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SC strikes down NAB amendment bill

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Supreme Court orders restoring corruption cases against public office holders

ISLAMABAD: The Supreme Court struck down National Accountability Ordinance (NAO) amendments bill of the parliament made during Pakistan Democratic Movement (PDM) led government tenure. The Chief Justice announced his last judgment in Islamabad on Friday with a majority 2-1 verdict.

The Chief Justice Umar Atta Bandial, headed by three member bench, heard more than 50 hearings on the petition of Chairman Imran Khan of Pakistan Tehreek-e-Insaf (PTI) against the amendments. The court had reserved judgement on September 5.

Chief Justice Bandial fulfilled his promise and announced judgement on Imran Khan’s petition.

The Supreme Court restored all the NAB cases against public office holders including former Prime Minister Nawaz Sharif, Shahbaz Sharif, Marium Nawaz, Asif ali Zardari, yousuf Raza Gilani, Shahid Khaqan Abbasi and others.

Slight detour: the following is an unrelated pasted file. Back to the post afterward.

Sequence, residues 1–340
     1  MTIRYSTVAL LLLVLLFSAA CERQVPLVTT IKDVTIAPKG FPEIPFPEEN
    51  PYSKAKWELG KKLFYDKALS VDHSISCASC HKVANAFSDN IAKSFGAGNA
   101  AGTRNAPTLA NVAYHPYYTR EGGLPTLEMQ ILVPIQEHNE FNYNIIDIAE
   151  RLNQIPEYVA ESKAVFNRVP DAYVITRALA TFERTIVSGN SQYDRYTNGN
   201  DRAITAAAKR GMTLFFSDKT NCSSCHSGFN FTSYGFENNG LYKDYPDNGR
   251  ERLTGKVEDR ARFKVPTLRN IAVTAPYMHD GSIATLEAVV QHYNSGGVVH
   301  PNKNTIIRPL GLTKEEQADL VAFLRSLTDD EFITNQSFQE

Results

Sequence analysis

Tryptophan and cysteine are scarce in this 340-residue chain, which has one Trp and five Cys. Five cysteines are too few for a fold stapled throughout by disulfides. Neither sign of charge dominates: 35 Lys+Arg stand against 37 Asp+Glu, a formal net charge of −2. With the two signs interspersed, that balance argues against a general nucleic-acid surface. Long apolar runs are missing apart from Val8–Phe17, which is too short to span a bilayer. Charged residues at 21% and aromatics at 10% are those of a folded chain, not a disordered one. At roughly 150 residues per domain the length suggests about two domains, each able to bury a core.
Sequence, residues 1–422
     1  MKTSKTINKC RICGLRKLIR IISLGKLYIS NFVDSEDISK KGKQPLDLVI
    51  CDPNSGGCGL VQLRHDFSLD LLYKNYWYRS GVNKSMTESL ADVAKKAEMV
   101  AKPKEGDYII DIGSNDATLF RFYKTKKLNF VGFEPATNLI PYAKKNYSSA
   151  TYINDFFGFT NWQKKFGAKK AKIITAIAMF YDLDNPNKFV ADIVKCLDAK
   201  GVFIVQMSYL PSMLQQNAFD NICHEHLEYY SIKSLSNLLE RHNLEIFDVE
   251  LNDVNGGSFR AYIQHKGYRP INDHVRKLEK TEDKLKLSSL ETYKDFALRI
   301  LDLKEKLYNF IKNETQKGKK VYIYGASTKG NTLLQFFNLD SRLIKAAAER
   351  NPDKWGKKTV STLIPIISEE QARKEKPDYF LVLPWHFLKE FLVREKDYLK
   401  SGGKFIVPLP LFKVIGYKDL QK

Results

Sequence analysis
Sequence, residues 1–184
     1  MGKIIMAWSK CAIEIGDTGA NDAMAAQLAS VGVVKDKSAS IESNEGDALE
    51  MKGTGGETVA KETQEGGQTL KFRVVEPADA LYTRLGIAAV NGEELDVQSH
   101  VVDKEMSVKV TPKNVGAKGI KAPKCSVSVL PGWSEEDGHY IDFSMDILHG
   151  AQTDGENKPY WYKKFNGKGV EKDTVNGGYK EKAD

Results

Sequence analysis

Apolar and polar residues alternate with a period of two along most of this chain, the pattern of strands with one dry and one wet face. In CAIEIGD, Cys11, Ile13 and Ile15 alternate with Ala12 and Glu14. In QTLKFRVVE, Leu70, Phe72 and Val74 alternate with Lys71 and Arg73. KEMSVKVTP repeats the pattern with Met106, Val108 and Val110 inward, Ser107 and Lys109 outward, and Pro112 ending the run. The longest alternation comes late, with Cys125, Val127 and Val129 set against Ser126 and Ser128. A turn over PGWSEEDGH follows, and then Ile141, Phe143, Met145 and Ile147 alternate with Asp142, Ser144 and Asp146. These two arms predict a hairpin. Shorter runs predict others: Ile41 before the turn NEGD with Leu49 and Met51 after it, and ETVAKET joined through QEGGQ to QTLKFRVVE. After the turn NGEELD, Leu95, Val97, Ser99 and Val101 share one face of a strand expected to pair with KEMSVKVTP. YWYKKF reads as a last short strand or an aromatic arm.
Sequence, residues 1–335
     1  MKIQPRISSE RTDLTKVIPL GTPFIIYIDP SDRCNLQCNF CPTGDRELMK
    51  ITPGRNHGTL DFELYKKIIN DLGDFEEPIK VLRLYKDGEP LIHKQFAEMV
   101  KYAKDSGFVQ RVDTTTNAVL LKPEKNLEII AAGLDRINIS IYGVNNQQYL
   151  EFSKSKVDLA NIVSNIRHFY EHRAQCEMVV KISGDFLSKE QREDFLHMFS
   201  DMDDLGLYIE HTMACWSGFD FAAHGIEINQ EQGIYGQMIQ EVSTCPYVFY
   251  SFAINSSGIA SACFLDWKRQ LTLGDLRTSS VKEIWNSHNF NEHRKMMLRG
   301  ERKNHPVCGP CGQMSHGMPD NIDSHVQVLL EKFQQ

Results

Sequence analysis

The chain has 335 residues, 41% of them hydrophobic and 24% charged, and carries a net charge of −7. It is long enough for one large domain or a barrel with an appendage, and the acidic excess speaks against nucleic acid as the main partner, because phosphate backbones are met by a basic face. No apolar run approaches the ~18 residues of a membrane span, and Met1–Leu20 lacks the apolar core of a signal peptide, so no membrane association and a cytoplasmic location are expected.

According to the order, the petition against NAB amendments was declared admissible by the majority decision, restoring all closed enquiries filed with the anti-graft body.

The apex court ordered restoring all graft cases worth Rs 500 million that were closed down against the political leaders belonging to different political parties and public office holders and declared the amendments void.

Furthermore, the court directed the NAB to return all records related to cases to relevant courts within seven days.

The verdict on Khan’s appeal further added that the NAB amendments under question affected the rights of the public listed in the Constitution.

The verdict has some far-reaching consequences as the striking down of the amendment would mean that references against some of the country’s political bigwigs will once more land in accountability courts.

The NAB amendments not only reduced the four-year term of the NAB chairman and the bureau’s prosecutor general to three years, but also placed all regulatory bodies functioning in the country out of NAB’s domain.

Furthermore, the changes included that a three-year term be set for the judges of the accountability courts and that courts be bound to decide a case within one year.

Challenging the amendments, Khan approached the apex court and petitioned that the amendments be struck down on grounds that they were unconstitutional.

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